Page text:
Thursday, October 29, 2009

Jimmy Carter National Park?

Cheryl Chumley sounds the pork alarm today in the Washington Examiner, with her op-ed piece about H.R.1471, which will expand the boundary of the Jimmy Carter National Historic Site in the State of Georgia, to redesignate it as a National Historical Park.  This bill was passed by a voice vote in the House and sent to the Senate yesterday.  The Senate has a similar bill, S742, introduced by Senator Johnny Isakson back in March.

Perhaps this expansion is needed to accommodate the throngs of people making the trek to Plains, Georgia each year to pay tribute to the worst president in American history.  That's not the case, as Chumley explains:
A National Historic Site is a National Park Service program that already receives federal dollars. But little justification outside of political favor exists for this upgrade to Historical Park, and expanded boundaries will bring the demand for larger appropriations.

On top of that, the National Park Service already reports a dwindling number of visitors to the Jimmy Carter National Historic Site, recording 87,413 who made the trip in fiscal 2006 compared with 84,355 in fiscal 2008. It's doubtful the addition of the nearby visitors center to the site, and a change of label from Historic Site to Historical Park, would dramatically improve the attendance levels.

NPS forecasts for traveler turnout to the site don't bode well, either. By 2010, site visits are only expected to rise by 1.4 percent from 2008 levels, according to the Public Use Statistics Office within the NPS.
Kurt Repanshek, at the National Parks Traveler, raised questions back in June:
Is this how low the bar has dropped for inclusion into the National Park System? Is it really so low that a gas station once owned by the beer-swilling brother of President Jimmy Carter should be managed as part of a national historical park by the National Park Service?

Sure, sure, sure, President Carter was the only Georgian to reach the White House as resident, and Billy Carter certainly attracted more than his share of notoriety -- Billy Beer, anyone? But why oh why would anyone want to include Billy's gas station at 216 West Church Street in the heart of downtown Plains, Georgia (Pop. 635) in a national historical park honoring President Carter?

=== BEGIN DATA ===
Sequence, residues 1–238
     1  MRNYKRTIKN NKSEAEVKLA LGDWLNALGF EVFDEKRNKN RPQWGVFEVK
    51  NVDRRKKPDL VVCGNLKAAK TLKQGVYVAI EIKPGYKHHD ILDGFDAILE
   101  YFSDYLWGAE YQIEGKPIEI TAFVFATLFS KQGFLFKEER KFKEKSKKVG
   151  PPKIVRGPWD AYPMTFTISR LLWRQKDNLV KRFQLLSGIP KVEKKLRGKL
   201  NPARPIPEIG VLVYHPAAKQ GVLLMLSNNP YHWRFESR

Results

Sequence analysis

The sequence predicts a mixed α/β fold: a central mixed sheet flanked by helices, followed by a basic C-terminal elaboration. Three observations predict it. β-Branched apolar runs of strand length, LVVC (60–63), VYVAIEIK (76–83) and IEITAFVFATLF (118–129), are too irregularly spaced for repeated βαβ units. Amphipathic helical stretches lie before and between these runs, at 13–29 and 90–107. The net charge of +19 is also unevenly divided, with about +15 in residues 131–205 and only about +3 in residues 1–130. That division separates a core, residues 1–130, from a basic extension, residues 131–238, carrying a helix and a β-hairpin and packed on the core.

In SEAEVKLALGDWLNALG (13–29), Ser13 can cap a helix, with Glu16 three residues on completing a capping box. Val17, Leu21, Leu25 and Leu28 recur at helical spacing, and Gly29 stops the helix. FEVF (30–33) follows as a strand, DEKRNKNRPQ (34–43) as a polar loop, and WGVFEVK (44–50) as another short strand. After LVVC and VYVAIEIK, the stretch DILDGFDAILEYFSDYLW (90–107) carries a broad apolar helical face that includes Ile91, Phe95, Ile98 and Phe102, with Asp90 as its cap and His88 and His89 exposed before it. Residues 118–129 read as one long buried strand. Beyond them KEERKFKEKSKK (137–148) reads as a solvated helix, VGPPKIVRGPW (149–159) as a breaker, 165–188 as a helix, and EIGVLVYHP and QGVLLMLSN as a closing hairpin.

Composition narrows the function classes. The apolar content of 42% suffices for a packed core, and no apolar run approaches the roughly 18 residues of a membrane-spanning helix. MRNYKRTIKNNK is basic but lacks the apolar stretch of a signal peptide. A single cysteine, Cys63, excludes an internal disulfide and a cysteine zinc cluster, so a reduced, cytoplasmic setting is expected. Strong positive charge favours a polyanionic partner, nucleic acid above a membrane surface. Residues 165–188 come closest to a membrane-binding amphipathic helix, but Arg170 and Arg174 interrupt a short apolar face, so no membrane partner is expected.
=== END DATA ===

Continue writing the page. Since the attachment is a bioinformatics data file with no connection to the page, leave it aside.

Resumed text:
Oh, that's right. While the NPS currently oversees the Jimmy Carter National Historic Site, pending legislation introduced by U.S. Rep. Sanford Bishop, D-Ga., and U.S. Sen. Saxby Chambliss, R-Ga., would transform the "historic site" into a national "historical park." By comparison, Valley Forge is also a national historical park, one without an official gas station to the best of my recollection.
The interesting tidbit is this:
The welcome center is the least visited of all 11 state-run visitors sites in Georgia, only logging 65,000 visitors in the past year, according to media reports in February and March. So the state, facing a reported deficit of $2.6 billion, looked to cut $186,000 in funding to the center.
What a boondoggle!  The State of Georgia can no longer afford to maintain the place, so we EXPAND it and send the bill to the federal government.

The fact that this legislation is sponsored and co-sponsored by Republicans Johnny Isakson, Saxby Chambliss, Jack Kingston and Phil Gingrey is shameful.

1 comment:

  1. I would say, what a boondoggle! So the state of Georgia will expand, send the bill to the federal government who in turn will pass it along to us, the over burdened tax payers! They are so out of touch with reality!